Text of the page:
We first compared the interaction scores predicted by `GRNUlar` among all 500 genes and the scores among the 32 genes, without applying any threshold. We found that the latter set of scores is significantly higher than the former set of scores (Fig. 9). This means that there are more regulatory activities among the genes related to the expected biological processes compared to all the genes selected by variation. We then set the threshold for interaction score as 0.22, and obtained the network shown in Fig. 11. In this network, the TFs SOX7, SOX17, MTF2, GATA6 and CITED2 are known TFs in either stem cell differentiation or embryo development; NOTCH1 and RBPJ are TFs in the NOTCH pathway which controls cell fate specification (www.genecards.org). The TFs with highest interaction scores are highly relevant TFs for the cells under study.

We now show how our predicted interactions may bring new biological insights. For instance, we noticed that one of the target genes of SOX7 with strong interaction is CFC1. From ChIP-Seq experiments (the [Cell-type-specific-ChIP-seq] ground truth network mentioned previously), SOX2 is a TF for CFC1. However, in our prediction results, we predicted SOX7 and SOX17 as the TFs for CFC1. We note that the dataset consists of ESC cells differentiating into primitive endoderm cells, and SOX2 is a key TF in mouse ESCs governing the pluripotency of the cells (Masui *et al.*, 2007). As the cells differentiate, the pluripotency goes down, so the SOX2 function may also decrease. To verify this, we use the pseudotime of the cells obtained from (Pratapa *et al.*, 2020), which was inferred with Slingshot (Street *et al.*, 2018), and visualize the gene-expression levels of CFC1, SOX2, SOX7 and SOX17 (Fig. 10). For readability we plot the actual gene-expression levels cell by cell only for CFC1, and for the SOX TFs we plot the fitted lines of their expression levels obtained using LOESS regression. The dashed lines represent the standard deviation. We see that indeed the SOX2 expression decreases along the pseudotime, and the expression levels of CFC1, SOX7 and SOX17 increase. The fitted lines of SOX7 and SOX17 show that they are much better predictors for the expression of CFC1 than SOX2. Indeed, it is discussed that SOX7 and SOX17 are highly related members of the SOX family and their high expression in ESCs are correlated with a downregulation of the pluripotency and an upregulation of the primitive endoderm-associated program (Sarkar and Hochedlinger, 2013). This example showcases how we can use predicted regulatory networks to find regulatory pathways for a specific biological program. Some of these may already have evidence in literature but some may be new and our prediction can be used to provide hypothesis for further experimental validation.

### 3.5 Runtimes of different methods

Tables 1 & 2 show the inference time required for different methods with the TF information included. We run different methods on different platforms and hence comparing them directly is not fair. Although, we include them to give an idea of the runtimes to the reader. The traditional methods takes multiple hours to run in absence the TF information.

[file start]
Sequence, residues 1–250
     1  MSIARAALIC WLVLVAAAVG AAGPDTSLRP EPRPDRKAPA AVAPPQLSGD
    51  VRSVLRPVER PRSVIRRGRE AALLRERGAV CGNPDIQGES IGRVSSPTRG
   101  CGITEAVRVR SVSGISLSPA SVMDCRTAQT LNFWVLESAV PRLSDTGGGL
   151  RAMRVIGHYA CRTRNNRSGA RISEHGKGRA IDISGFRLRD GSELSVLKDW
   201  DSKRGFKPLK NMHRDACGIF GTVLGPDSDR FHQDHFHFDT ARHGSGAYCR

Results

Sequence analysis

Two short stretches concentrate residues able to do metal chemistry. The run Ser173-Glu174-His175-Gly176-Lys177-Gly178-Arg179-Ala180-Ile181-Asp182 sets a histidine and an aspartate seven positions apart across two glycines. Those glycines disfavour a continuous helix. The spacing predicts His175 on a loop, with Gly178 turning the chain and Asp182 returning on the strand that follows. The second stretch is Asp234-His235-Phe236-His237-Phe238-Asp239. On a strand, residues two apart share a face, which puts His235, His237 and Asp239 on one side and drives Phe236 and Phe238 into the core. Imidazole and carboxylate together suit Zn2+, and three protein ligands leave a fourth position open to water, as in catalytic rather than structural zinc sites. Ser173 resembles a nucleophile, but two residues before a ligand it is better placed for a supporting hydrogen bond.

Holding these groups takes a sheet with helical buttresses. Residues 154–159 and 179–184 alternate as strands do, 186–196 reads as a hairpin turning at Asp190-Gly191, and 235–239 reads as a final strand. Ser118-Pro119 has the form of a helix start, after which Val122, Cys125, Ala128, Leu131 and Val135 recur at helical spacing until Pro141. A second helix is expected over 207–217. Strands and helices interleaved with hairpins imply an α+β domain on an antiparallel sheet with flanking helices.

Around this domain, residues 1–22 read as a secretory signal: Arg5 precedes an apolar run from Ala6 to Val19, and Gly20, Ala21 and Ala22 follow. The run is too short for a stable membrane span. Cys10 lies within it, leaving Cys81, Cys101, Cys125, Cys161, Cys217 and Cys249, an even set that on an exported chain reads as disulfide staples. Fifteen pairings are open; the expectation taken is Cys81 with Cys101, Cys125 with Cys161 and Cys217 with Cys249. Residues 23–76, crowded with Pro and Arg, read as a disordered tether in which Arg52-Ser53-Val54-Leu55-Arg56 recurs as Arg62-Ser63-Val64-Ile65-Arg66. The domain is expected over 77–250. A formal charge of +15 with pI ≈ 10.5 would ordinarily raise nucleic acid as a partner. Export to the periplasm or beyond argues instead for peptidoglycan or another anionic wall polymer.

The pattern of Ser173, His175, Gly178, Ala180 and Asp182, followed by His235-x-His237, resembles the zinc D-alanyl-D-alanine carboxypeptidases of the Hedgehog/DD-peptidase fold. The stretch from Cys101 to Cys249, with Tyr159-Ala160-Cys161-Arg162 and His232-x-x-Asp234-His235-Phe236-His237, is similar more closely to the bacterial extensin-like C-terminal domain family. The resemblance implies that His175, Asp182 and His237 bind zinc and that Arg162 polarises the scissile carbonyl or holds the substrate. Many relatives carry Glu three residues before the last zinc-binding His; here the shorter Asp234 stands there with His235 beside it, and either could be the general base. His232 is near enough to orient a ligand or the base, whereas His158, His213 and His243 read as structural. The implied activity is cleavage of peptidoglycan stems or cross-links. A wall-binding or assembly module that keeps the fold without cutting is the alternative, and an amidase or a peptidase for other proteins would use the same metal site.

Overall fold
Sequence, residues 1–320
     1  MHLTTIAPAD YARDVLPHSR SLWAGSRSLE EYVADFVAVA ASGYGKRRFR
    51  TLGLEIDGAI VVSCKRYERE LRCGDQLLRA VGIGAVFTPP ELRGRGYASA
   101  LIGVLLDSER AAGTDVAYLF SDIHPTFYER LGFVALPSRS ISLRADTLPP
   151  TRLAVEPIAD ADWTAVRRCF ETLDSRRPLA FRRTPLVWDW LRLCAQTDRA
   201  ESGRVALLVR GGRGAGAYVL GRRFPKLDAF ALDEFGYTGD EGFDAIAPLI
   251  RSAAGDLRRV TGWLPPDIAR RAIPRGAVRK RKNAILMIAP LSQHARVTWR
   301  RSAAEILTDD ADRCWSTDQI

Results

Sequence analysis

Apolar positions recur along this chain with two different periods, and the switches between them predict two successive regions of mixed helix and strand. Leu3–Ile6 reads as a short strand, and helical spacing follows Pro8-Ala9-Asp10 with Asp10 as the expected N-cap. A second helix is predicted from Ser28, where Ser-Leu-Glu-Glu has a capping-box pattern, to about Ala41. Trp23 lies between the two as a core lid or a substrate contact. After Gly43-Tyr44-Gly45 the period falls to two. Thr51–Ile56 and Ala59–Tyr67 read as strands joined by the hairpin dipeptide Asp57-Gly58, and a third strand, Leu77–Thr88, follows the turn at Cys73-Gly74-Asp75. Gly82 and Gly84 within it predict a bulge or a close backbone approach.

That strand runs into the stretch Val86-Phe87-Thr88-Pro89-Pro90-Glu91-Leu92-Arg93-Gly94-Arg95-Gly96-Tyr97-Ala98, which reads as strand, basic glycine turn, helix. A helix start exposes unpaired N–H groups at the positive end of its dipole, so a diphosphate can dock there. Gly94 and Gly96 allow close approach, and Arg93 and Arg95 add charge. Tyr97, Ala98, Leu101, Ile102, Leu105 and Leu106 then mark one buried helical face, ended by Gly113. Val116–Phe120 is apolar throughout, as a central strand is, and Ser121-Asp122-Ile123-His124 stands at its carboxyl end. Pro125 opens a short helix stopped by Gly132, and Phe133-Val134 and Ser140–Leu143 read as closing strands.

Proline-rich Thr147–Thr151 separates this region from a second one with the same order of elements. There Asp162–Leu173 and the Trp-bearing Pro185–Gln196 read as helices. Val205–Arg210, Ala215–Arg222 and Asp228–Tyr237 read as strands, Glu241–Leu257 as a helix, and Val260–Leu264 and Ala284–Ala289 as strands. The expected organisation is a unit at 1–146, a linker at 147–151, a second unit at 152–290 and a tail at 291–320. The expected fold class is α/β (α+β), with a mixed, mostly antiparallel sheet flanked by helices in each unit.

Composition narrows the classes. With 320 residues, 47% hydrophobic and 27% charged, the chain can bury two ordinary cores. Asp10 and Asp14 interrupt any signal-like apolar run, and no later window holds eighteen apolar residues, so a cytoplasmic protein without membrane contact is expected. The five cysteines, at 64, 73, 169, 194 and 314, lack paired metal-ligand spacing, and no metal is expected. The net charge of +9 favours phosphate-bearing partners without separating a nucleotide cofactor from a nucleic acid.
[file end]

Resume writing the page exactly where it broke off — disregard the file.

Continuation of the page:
## 4 Conclusions and Discussions

We present a novel unrolled algorithm `GRNUlar`, for the inference of gene regulatory networks from scRNA-Seq data. The `GRNUlar` model’s deep architecture takes its inductive bias from the regression based formulation of the GRN recovery problem. We make use of a neural network in a multi-task learning framework to model the regression between TF and other genes. In cases where the TF information is available, we show that `GRNUlar` consistently performs better than representative existing methods under various settings of both simulated data and real experimental data, especially in the more realistic case of added technical noise. The deep learning framework accommodates the nonlinearity of the regulatory relationships and provides tolerance to the technical noise in the data. We also show the superior performance of a recently developed unrolled algorithm `GLAD` in absence of TFs.

The methods we propose are the first supervised deep learning methods for GRN inference from scRNA-Seq data. Our models learn the charateristics of the underlying GRNs through the simulated data from GRN-guided simulators like SERGIO, and demonstrate the application of these simulators in training deep learning models apart from benchmarking computational methods. Similar techniques can be investigated, not only for the task of GRN inference, but also for other analysis tasks for scRNA-Seq data like clustering and trajectory inference (Luecken and Theis, 2019), by using the available realistic simulators for scRNA-Seq data (Zhang *et al.*, 2019; Dibaeinia and Sinha, 2019).

## Supplementary Material

### A: `GLAD` and proposed modification

The `GLAD` work formulates the sparse graph recovery problem (undirected graphical model) for the GRN recovery as fitting a multivariate Gaussian distribution on the input gene expression data with a *L*1 normalization term. It is based on the unrolling the iterations of an Alternate Minimization algorithm for the graphical lasso problem with applications towards sparse graph recovery, refer Algorithm 3.

`GLAD-TF` model: We modify the architecture of `GLAD` to include prior information about the TFs if available. We assume that all the edges in the actual GRN have at least one gene which belongs to the list of TFs. We introduce a masking operation at every step of the unrolled iterations as shown in Algorithm 4), which eliminates all the unwanted edges that are between the non-TF nodes.

### B: Details of preprocessing data from BEELINE framework

Preprocessing the real data: For each gene expression data and its corresponding network, we do the following preprocessing to prepare our data. We first sort all the genes according to their variance and select the top 500 varying genes. We also have access to a list of known TFs. We only consider all the TFs whose variance had p-value at most 0.01. Now, we find the intersection between the top 500 varying genes and all the TFs to find the subset of genes which act as the TF, Table 3 in Supplementary-B. We then select the sub-graph of top 500 varying genes from the underlying GRN as our ground truth for evaluation.

## Acknowledgements

We thank Aditya Pratapa and Prof. T. M. Murali for sharing the gold standard networks for real data used in their paper Pratapa *et al.* (2020).